PICTISH KINGLISTS:

Colbertine version of the Pictish Chronicle: King List MS-A from Paris, Bibl. Nat. MS Latin 4126

Pictish kinglists are exceedingly difficult to cross-reference and confirm, particularly as, once the Scots were in power in Forteviot (from c. AD843), annals were consistently adjusted–corrected, scored through and re-written–to reflect homage to the Scots and to glorify Dalriatan Scots lineage, to the detriment of the Pictish line.

Even as late as the Letter by the Barons of Scotland to Pope John XXII (otherwise known as the ‘Declaration of Arbroath‘) in 1320, it was felt necessary to explain to the holy father how ancient was their ancestry and how famous was the nation of Scots–‘having expelled the Britons and entirely rooted out the Picts’.

Recent scholarship by remarkable historians, however– Marjorie O Anderson, David N Dumville and others–have added light to the darkness and within a relative framework of intermarriage between the reigning houses of neighbouring states at the time, a tentative list emerges.

A longer page with more detailed background can be found at Devorguila-page here.

As research and new knowledge produce results, these lists will be updated and revised. They are offered in the spirit of true academic thirst for knowledge and we hope that they will be received in the same light.

KINGS OF PICTS
While it is known that the journeys of Columba brought him to the fortress of Bridei son of Maelchon, king of the Picts, ‘near Inverness’, the extent of his dominion is not known. It may be that he ruled over the ‘Northern Picts’–as several annals from that time refer to the kingdom of the Picts as being divided by the range of the Mounth into northern and southern kingdoms.

On several occasions kings are referred to as ruling on ‘this’ side of the Mounth or on the ‘other’ side of the Mounth. Depending on where the Chronicle is being written at the time (either northern monastery at Fyvie or Kineddar or Deer– or southern monastery associated with Forteviot, Iona or St Andrews: Because no ‘original’ Chronicle of the Picts now survives–only 12thC copies–it is difficult to know which location is implied.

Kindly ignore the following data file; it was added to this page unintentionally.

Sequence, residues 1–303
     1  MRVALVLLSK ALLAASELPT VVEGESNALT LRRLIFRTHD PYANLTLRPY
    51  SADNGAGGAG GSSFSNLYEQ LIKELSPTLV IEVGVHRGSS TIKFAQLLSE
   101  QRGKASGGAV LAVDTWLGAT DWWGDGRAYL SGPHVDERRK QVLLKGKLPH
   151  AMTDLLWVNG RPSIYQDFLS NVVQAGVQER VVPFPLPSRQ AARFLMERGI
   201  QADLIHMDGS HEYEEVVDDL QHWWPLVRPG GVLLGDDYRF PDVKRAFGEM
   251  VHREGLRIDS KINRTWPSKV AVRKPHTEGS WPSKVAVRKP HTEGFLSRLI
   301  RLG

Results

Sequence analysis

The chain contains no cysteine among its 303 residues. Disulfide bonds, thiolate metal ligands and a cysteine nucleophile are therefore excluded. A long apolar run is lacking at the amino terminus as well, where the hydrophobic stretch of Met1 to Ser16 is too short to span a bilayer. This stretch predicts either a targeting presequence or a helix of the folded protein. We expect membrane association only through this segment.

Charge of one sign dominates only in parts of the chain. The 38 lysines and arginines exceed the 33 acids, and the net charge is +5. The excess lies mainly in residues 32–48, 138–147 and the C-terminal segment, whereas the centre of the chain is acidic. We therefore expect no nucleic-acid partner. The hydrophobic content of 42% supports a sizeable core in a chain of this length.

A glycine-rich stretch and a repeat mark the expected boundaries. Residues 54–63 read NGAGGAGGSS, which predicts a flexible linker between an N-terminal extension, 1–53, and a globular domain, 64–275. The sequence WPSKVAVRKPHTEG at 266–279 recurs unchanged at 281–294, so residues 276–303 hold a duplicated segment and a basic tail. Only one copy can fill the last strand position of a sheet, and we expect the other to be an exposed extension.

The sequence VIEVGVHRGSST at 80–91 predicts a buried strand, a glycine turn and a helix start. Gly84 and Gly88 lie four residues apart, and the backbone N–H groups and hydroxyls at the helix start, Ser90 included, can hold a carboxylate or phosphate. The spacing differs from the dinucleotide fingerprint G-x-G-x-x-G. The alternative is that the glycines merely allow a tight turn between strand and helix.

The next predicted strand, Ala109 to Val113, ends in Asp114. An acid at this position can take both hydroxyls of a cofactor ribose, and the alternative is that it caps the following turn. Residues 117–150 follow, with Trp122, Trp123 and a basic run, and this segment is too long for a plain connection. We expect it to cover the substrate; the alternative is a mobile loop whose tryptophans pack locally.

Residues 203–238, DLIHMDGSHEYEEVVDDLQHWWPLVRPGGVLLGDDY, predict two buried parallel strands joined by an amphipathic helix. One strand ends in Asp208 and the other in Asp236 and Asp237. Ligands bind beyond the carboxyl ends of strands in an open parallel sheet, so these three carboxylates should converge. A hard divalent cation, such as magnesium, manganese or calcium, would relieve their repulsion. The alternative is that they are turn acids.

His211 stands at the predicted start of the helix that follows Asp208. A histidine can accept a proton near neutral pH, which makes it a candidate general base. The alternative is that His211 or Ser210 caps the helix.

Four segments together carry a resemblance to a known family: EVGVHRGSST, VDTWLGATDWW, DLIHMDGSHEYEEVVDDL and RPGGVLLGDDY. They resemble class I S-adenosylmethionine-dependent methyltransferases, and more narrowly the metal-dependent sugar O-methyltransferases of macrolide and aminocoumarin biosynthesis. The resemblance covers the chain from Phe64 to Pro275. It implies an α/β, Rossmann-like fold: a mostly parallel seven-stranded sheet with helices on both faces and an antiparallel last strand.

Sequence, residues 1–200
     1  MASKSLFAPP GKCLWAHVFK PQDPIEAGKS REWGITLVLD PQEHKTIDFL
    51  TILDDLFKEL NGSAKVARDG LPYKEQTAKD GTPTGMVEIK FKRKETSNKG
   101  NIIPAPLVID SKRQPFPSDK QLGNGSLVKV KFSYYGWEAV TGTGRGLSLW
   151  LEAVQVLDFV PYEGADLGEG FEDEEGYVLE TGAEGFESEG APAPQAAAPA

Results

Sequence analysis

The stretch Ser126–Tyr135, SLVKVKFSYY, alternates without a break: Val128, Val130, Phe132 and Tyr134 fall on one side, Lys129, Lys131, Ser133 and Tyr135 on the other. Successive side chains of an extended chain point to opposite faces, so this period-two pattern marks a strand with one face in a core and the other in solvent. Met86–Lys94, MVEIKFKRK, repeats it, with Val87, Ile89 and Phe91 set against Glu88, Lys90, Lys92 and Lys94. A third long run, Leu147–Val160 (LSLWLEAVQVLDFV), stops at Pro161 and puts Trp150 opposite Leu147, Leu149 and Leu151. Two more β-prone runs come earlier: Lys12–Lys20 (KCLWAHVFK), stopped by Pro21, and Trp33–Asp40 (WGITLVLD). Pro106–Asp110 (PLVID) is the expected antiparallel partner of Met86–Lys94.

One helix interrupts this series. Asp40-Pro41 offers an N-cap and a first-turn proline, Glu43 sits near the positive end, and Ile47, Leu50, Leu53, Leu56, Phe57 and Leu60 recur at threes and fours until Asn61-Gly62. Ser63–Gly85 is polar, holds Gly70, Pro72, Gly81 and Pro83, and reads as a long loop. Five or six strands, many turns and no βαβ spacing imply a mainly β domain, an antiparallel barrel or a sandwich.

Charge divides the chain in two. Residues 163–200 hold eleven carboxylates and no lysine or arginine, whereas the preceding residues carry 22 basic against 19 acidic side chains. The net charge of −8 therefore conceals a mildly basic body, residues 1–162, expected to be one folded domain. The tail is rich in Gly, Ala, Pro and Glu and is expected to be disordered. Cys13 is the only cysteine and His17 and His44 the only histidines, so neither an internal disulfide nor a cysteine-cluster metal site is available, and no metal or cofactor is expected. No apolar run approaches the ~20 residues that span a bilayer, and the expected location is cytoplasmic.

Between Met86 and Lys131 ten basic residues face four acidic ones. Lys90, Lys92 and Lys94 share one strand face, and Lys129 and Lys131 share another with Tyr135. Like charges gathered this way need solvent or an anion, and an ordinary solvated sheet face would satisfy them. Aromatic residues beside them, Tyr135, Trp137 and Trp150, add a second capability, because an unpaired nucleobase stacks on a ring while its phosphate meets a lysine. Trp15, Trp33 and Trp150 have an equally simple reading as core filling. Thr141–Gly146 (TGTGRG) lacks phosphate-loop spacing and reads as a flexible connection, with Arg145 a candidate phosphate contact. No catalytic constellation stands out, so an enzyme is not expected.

Forteviot cross commemorating Pictish monarch Custatin filius Forcus: his Latin name gives Pictish authenticity

Bridei is known to have died c. AD585.

617-633 Edwin King of Northumbria [Oswald, Eanfrith, Oswiu exiled in Pictland]
634-641 Oswald returned from exile, reigned as King of Northumbria
641-670 Oswiu reigned in Bernicia and from 655 over Northumbria
653-657 Talorgan son of Eanfrith (Northumbria) king of Picts
670-685 Ecgfrith king of Northumbria [672 Picts deposed Drust from kingship]
[672 Pictish army slaughtered by Ecgfrith]
672-693 Bridei son of Bili king of Picts [Adomnan became 9th abbot of Iona in 679]
681 Siege of Dunnottar (Kincardine)
682 Bridei laid waste the Orkneys
683 Siege of Dunadd and Dundurn (Perthshire)
685 Battle of Dunnichen Moss, called ‘Nechtansmere’; Bridei/Pictish army killed Ecgfrith, king of Northumbria
[Adomnan wrote his Law of Innocents and made visits to Pictish king in 697, d.704]
697 Tarachin (sic), Talorcan, king of Picts expelled from his kingdom
706-724 Nechtan son of Derile king of Picts (N and S)
711 Picts slaughtered by Northumbrians on ‘plain of Manaw’ (Clackmannan).
711 Nechtan requests Northumbrian architectural expertise in building a church ‘in the manner of Rome’, dedicated to Saint Peter–probable first church at Restenneth